UNIVERSITY PARK – More than 30 graduate students from five Penn State graduate programs over the last six years worked to restore and improve parts of the Spruce Creek watershed in central Pennsylvania.
The efforts were part of an intercollege program through the university’s Center for Watershed Stewardship, explained Lysle Sherwin, head of the center, which is based in the colleges of Agricultural Sciences and Arts and Architecture. “A fundamental value of watersheds that people overlook is that healthy watersheds reflect healthy communities,” he said.
“We tend to want to put economic benefits and resource-conservation outcomes into separate categories, but it is all tied together. Watersheds are connected to our communities, and stewardship of water and related resources is good for everyone, not just the fish.”
The Spruce Creek watershed, located on the border between Centre and Huntingdon counties, is a network of 140 miles of designated high-quality, cold-water fishery streams. In spite of this “special protection” classification, 21 miles of the watershed had been determined by the state Department of Environmental Protection as having impaired water quality in 2003 when the stewardship project began.
Growing regional populations, increased land development and nearby agricultural activities led to sedimentation and nutrient input problems within the watershed, Sherwin noted, resulting in the impairment of three miles of Halfmoon Creek, 16 miles of Warriors Mark Run, and two miles of Spruce Creek.
The Center for Watershed Stewardship oversaw a project to assess and improve the three impaired miles of Halfmoon Creek. An interdisciplinary team of students conducted fieldwork, and after the assessment, graduate students implemented follow-up restoration work.
Halfmoon Creek is located farthest upstream in the watershed drainage area and has the widest impact on the watershed. Sherwin pointed out that Halfmoon Creek’s subwatershed also has seen intense residential development in recent years, adding to degraded stream banks, erosion, sedimentation issues and insufficient riparian buffers.
In 2003, students compiled data about the watershed’s current and historical state and conducted biological and chemical monitoring to further quantify the water-quality impairment. Using computer modeling of non-point source runoff, riparian buffer condition evaluation and other watershed-assessment tools, they determined that five of the six Halfmoon Creek monitoring sites also could be classified as severely degraded trout habitats, explained Sherwin.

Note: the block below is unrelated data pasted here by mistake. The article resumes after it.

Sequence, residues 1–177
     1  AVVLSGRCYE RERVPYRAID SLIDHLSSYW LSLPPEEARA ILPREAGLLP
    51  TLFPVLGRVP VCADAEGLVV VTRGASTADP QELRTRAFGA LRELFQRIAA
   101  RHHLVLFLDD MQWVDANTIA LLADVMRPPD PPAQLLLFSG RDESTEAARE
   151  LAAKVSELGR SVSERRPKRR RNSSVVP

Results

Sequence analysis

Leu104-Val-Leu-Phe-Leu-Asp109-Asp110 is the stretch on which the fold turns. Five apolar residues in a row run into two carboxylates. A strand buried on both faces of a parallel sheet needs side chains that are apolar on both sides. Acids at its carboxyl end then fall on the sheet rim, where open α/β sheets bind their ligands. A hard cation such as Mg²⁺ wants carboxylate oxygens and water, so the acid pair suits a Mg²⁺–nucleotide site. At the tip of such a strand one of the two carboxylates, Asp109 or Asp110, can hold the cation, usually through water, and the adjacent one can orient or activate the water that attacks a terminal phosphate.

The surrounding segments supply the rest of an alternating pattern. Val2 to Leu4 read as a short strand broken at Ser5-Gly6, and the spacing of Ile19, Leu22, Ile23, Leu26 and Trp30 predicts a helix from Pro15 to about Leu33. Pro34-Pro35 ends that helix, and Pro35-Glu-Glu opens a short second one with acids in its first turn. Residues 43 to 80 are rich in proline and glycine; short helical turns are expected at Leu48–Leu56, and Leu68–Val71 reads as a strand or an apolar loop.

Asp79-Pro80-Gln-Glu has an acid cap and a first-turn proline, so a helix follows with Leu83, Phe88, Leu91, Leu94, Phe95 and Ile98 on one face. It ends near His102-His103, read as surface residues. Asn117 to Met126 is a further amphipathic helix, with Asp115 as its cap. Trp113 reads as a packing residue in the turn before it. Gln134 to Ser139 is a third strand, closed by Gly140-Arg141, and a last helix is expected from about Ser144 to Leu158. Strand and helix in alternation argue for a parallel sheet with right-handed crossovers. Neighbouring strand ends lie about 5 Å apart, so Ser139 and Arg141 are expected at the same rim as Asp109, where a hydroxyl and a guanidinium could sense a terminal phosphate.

The following year, students examined indicators such as temperature, trout embryo survival and drinking-water-well test results of local residences. Students worked to develop stewardship goals and a management plan, which defined priority areas and proposed restoration projects.
Following the center’s Spruce Creek watershed assessment, three Growing Greener grants helped to fund several restoration projects. Helped by local volunteers, students planted a 600-foot riparian buffer on the Weaver Forest stretch of Halfmoon Creek owned by Penn State. Three farms adjacent to the Weaver Forest tract have since joined efforts to improve the half-mile stretch of creek shared by the four properties.
Restoration efforts have continued. During the fall of 2007, owners of one of the three farm properties, the Johnston Farm, carried out a stream-bank stabilization and trout habitat improvement project, and students from the center designed and implemented a riparian buffer. Downstream, log vanes, mudsills and other natural features were installed in the creek and riparian species were planted along the Gates family farm and Weaver Forest segments.
After several seasons these measures have already produced results, according to Sherwin. Cleaner stream substrate and deeper, narrower streambeds are promising successes. “A major aspect of our success comes from addressing four connected properties,” he said. “Taking a concentrated effort and focusing in one area is more beneficial to improving a degraded stream than the approach of a little bit here and there over a vast landscape.”
The projects have piqued local interest, Sherwin said.
“Landowners along the streams are seeing that they can facilitate beneficial changes to become better stewards of their land,” he said.
Future projects with other landowners in the area are being planned, and Sherwin is optimistic that the center’s Keystone Projects will continue to benefit Pennsylvania by improving degraded waters and giving students a unique graduate-education experience in applied, “real-world” problem-solving.
Halfmoon Creek restoration efforts are a partnership of the Center, private landowners, the U.S. Fish and Wildlife Service, California University of Pennsylvania Partners for Fish and Wildlife, Centre County Conservation District and the state Department of Environmental Protection.
Project reports, field data and other information from the Center for Watershed Stewardships’ Spruce Creek project are available online.